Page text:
(This piece was written for the Prajnya Peace Blog. You can see the original post here.)
Today is indeed special, and for two reasons. The 10th of December is observed as Human Rights Day every year because this is the day when the Universal Declaration of Human Rights was adopted by the United Nations General Assembly way back in 1948. It is also the final day of the 16 Days of Activism against Gender-Based Violence Campaign that is collaboratively run by feminist organizations all around the world, including Prajnya.
I wanted to write something that would help me renew my commitment to human rights education — not only in terms of facilitating dialogue with students and teachers around Islamophobia, misogyny, homophobia and bi-erasure but also in terms of opening my own eyes to struggles that I do not see or care much about owing to my privilege. Instead of describing what I have done, I would like to use this occasion to highlight the efforts of two other individuals I respect — Vandita Morarka of One Future Collective and Nishma Jethwa of Strategic Advocacy for Human Rights.
On 6th October, 2018, they jointly hosted a ‘youth meet-up’ on the theme of feminist justice at a co-working space in Mumbai. The people who came were a bunch of students, activists, lawyers, educators and development sector professionals. We began with an exciting round of ‘Human Bingo’, a game designed to break the ice between participants and help them get to know each other.
I enjoyed these instructions in particular:
* Find a person who can name five non cis-male gender activists
* Find someone who can explain feminism to you in 30 seconds
* Find someone who can tell you about the recent Section 377 judgement
* Find someone who can name 5 Indian comediennes (female comedians)
That was a delightful way to share knowledge while having fun. If I had an opportunity to contribute to this game, I would also include the following instructions:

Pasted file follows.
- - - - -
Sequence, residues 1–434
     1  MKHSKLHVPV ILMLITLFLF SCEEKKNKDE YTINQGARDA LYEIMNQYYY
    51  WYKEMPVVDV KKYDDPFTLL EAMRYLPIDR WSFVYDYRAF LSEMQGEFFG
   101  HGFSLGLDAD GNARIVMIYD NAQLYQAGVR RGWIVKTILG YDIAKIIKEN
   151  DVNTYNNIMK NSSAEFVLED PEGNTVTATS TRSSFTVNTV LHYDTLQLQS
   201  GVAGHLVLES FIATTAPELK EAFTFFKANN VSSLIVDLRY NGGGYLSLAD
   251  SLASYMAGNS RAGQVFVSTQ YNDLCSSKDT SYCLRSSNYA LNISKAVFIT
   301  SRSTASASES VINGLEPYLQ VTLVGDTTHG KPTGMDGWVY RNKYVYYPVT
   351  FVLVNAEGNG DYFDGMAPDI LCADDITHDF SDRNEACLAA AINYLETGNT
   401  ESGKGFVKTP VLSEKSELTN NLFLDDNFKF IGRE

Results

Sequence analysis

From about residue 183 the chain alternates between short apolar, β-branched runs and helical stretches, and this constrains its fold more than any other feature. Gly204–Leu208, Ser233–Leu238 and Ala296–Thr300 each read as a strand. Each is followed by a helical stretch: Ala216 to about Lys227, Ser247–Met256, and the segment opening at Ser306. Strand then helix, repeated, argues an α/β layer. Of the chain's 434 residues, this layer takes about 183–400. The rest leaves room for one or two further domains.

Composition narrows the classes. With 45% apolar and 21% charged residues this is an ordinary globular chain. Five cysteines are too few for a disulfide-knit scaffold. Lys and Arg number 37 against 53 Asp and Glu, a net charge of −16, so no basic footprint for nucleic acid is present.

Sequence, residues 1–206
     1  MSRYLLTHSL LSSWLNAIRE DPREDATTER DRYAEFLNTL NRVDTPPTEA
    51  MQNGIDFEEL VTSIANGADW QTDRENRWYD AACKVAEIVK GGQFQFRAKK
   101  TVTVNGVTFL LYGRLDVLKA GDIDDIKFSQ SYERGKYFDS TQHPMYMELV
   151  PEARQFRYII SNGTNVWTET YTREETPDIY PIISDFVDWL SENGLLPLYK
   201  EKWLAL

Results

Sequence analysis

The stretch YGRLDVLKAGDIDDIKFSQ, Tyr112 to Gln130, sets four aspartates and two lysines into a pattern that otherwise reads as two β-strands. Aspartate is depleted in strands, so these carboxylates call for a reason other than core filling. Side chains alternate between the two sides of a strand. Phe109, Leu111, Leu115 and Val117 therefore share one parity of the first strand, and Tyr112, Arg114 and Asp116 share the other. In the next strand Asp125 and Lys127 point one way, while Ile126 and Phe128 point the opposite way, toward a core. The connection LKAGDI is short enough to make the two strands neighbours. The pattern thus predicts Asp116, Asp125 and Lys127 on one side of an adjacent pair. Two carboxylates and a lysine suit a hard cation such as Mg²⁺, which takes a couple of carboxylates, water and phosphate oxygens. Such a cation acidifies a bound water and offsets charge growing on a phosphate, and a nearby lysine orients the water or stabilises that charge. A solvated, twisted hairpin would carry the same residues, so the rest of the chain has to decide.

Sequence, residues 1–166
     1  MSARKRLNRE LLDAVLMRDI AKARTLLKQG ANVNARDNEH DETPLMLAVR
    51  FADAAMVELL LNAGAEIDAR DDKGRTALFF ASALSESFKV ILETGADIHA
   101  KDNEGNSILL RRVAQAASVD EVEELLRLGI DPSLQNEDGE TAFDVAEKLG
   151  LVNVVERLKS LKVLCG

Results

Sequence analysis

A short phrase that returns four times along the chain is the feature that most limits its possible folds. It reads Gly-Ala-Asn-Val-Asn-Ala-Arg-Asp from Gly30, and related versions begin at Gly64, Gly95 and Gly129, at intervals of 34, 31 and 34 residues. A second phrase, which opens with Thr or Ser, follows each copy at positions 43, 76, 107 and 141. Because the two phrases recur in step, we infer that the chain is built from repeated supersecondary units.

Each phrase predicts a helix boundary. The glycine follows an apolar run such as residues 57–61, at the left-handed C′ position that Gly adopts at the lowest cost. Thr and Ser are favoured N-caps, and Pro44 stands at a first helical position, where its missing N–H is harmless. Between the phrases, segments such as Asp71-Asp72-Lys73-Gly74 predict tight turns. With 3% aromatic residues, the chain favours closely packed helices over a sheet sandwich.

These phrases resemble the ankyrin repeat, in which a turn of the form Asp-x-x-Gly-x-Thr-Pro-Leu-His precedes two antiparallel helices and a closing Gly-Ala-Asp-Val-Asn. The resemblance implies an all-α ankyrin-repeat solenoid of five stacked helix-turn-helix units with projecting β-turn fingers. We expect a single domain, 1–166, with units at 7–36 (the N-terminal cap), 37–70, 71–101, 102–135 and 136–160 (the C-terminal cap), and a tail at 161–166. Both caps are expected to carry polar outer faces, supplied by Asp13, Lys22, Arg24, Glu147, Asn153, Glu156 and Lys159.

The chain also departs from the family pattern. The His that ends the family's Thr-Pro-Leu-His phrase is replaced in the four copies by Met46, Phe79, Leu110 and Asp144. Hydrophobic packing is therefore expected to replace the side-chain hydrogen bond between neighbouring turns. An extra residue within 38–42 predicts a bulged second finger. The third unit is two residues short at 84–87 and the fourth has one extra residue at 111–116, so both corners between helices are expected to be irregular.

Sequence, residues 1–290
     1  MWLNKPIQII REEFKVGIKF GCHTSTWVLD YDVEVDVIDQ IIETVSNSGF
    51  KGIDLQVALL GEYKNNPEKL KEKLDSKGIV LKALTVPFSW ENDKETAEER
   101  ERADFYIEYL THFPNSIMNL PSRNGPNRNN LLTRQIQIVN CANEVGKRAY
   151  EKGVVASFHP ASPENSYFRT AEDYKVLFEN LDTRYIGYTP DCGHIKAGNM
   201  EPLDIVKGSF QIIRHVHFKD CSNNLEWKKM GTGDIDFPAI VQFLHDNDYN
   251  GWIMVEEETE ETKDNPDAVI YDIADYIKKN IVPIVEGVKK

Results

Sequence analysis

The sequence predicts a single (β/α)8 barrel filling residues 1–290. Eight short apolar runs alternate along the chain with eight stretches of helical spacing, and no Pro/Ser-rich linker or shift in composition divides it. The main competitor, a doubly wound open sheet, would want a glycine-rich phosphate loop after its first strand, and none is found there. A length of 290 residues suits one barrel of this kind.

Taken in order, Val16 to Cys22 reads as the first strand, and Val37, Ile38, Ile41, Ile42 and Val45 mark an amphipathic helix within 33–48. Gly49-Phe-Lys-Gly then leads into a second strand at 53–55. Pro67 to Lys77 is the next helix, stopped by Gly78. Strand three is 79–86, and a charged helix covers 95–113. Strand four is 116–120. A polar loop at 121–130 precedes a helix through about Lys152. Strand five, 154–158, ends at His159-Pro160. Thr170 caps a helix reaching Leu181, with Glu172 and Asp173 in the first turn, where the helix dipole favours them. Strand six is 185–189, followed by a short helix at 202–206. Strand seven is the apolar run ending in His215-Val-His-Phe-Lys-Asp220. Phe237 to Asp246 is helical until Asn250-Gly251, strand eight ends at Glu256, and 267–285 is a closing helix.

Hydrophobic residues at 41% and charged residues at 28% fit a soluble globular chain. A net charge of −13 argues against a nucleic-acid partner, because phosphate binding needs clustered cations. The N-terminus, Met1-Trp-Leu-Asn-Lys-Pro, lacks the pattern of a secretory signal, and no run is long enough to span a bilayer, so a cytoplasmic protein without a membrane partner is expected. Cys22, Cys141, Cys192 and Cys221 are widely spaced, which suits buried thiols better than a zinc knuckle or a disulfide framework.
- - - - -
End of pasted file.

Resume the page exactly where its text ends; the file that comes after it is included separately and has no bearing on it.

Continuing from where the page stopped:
* Find someone who overcame their homophobia.
* Find a person who thinks that feminism is empowering for men.
* Find someone who believes that the fight for gender equality must address caste and class.
* Find a person who advocates for trans rights.
After the game, we were divided into two groups. One was facilitated by Vandita, and the other by Nishma. I was in the second group. We were asked to read a case study about an eight-year old girl from a nomadic community in Kashmir who was abducted, raped and murdered. The police arrested eight people, including cops who were accused of attempts to destroy the evidence and cover up the crime which took place at a temple.
The case was complicated by the fact that the girl belonged to a Muslim minority community, and the accused were Hindu. Some local politicians advocated for the death penalty, and this began to fan communal tensions. Some media houses were fined for revealing the identity of the girl. The girl’s father was not allowed to bury her body in a place of his choice, and he was also threatened to leave the village. Owing to the lack of safety, the mobility of other girls from the community was also restricted.
The case study was followed by a set of 10 questions, meant as prompts to guide a group discussion. I loved this exercise because it made us articulate our diverse understandings of what it means to be a victim, a perpetrator, and a feminist. We were asked to identify specific human rights violations that had occurred in the case study, and what justice would look like for the violated person, people or community in this specific context.
There was a lot of disagreement within our group. Some equated justice with punishment by law while others preferred restorative rather than retributive models of justice. Restorative models are victim-centred and community-oriented while retributive models tend to place too much power in the hands of the state. What does ‘feminist justice’ mean? It cannot simply mean having more women in courts as lawyers and judges though that is certainly a goal to work towards as far as representation is concerned. If our laws are steeped in misogyny and heteronormativity, would the pronouncement of a sentence by a female judge be called ‘feminist justice’? I do not think so.
Participants were also urged to think about who ought to be accountable for upholding rights. Is it only the job of the state or should all human beings bear some responsibility for upholding each other’s rights? This is a good question to think about on Human Rights Day so that we can be more mindful through the year instead of using woke-speak merely to earn brownie points in activist and academic circles.